Trip Tip: Buffet meals are served in the Clubhouse, but romance-seekers can request private dinners on the beach or lunch excursions to nearby Isla Blanca.

63-2/813-0000; elnidoresorts.com; doubles from US$528



Pamalican Island

This Amanresorts outpost has been on the checklist of savvy travelers since it debuted on a secluded private isle in 1993, and you’ll understand why even before touching down on its tiny airstrip. From the window of a chartered turboprop from Manila, the approach to Amanpulo presents a dazzling fringe of white sand surrounded by turquoise shallows and the ultramarine expanse of the Sulu Sea. While the resort’s 40 timber-framed casitas, arranged along the beach or on higher ground toward the center of the 89-hectare island, are meant as riffs on the traditional nipa hut, architect Francisco Mañosa’s design—wraparound sundecks, floors of Philippine mahogany, well-curated handicrafts, Cebuano-marble tubs—is anything but rustic. You could get your money’s worth just strolling along the powdery beach that encircles the island, or lingering over sundowners on the terrace of the Clubhouse. But there are plenty of other diversions to keep you busy, from bird-watching and watersports to visits to the two-year old Aman Spa, where local Cuyonon-inspired treatments unfold under luminous capiz-shell ceilings. And when it comes to getting around the island, there’s no need to wait for a buggy transfer: at Amanpulo, you’re given the keys to your own golf cart.

Trip Tip: Complimentary snorkeling trips depart twice daily and offer a good chance of spotting stingrays and sea turtles.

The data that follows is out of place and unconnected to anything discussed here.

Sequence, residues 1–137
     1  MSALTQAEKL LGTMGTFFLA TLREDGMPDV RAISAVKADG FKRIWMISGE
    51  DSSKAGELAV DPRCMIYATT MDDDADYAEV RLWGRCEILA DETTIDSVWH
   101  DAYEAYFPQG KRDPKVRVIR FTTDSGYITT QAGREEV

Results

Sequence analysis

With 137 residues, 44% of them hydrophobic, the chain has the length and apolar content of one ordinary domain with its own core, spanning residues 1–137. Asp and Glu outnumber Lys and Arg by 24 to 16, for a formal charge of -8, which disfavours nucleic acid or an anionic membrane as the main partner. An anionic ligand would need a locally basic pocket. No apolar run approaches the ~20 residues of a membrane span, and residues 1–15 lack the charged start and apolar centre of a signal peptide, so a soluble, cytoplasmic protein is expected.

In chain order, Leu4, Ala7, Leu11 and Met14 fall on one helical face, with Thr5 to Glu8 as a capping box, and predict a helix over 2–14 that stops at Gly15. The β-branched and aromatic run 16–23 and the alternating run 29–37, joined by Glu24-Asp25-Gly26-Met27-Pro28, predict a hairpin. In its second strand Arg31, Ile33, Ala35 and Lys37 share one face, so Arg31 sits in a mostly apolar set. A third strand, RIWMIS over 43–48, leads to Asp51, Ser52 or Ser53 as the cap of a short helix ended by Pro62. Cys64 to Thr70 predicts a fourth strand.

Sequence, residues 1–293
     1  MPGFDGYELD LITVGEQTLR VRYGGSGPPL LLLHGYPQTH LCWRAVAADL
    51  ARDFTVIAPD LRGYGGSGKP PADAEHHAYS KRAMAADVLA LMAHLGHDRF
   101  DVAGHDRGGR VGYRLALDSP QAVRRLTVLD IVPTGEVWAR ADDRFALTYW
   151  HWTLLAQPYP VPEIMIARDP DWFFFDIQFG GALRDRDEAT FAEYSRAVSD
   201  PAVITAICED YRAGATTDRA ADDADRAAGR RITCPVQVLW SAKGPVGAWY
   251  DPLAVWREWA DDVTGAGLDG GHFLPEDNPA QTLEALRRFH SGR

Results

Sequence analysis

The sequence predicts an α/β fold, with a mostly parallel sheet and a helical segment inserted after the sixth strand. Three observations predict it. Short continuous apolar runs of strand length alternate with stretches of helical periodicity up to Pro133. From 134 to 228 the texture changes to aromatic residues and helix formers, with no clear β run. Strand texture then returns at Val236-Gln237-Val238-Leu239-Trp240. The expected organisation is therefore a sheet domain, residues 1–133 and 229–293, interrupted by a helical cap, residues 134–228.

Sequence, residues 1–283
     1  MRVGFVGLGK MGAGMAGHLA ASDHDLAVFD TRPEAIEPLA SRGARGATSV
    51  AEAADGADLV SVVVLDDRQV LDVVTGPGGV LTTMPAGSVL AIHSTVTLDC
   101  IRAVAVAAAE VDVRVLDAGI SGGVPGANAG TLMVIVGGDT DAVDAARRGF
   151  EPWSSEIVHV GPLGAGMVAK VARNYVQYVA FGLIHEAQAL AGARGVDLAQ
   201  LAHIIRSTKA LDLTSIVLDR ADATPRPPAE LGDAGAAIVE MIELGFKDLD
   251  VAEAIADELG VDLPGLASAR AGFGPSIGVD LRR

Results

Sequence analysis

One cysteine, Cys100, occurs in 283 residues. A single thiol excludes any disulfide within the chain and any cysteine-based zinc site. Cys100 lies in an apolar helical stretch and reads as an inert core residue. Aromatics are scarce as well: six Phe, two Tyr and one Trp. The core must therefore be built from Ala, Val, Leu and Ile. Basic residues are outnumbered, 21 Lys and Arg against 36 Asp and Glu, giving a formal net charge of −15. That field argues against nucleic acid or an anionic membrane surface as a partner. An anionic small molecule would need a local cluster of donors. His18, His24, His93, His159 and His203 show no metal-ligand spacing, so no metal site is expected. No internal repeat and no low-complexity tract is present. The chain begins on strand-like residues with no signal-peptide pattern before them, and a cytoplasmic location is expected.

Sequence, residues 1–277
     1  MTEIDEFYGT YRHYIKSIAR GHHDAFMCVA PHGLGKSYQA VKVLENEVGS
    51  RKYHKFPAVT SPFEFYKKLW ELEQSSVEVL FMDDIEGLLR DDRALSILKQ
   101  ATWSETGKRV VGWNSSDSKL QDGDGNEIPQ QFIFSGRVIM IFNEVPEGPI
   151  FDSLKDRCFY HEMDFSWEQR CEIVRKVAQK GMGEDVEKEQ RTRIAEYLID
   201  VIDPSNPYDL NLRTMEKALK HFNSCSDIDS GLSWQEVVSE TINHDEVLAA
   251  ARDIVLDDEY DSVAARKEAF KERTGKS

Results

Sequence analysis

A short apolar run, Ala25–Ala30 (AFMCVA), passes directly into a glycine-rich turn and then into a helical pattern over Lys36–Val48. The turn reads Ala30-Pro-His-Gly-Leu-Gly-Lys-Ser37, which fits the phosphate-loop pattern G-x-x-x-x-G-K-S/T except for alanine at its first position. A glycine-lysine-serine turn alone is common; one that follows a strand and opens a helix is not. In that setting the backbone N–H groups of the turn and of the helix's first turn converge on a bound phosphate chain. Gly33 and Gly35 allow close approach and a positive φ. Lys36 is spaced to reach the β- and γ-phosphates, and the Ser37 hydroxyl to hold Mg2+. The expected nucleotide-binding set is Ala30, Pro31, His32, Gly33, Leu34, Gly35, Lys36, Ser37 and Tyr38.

63-2/532-4040; www.amanresorts.com; doubles from US$900



Mactan Island, Cebu

This stone-clad hideaway of six suites and three villas feels like someone’s lushly landscaped beach house, with padded canvas cushions both indoors and out, plump mattresses, and generous decks. Bathrooms have plenty of space for a deep soaking tub that faces the sea and a seriously powerful rain shower. Young, energetic room butlers can arrange everything from car rentals to babysitting services should grownups wish to head across the bridge to sample Cebu City’s thriving nightlife. Come mealtime, Australian chef Wade Watson excels equally at casual cuisine (wood-fired flatbread pizzas with goat cheese and grilled local vegetables) and at more serious fare like his herb-crusted salmon or six-hour-cooked pork belly served with cauliflower puree. When it comes time to relax, guests have their choice of grass-topped beach cabanas or a seaside infinity pool overlooking the vibrant blues of the Hilutungan Channel.

Trip Tip: Head to the small but serene spa for innovative treats like a bamboo body polish or mother-of-pearl foot scrub.

63-32/495-3461; abacaresort.com; doubles from US$408


Originally appeared in the April/May 2013 print issue of DestinAsian magazine (“8 Great Phillippine Hideaways”)

Share this Article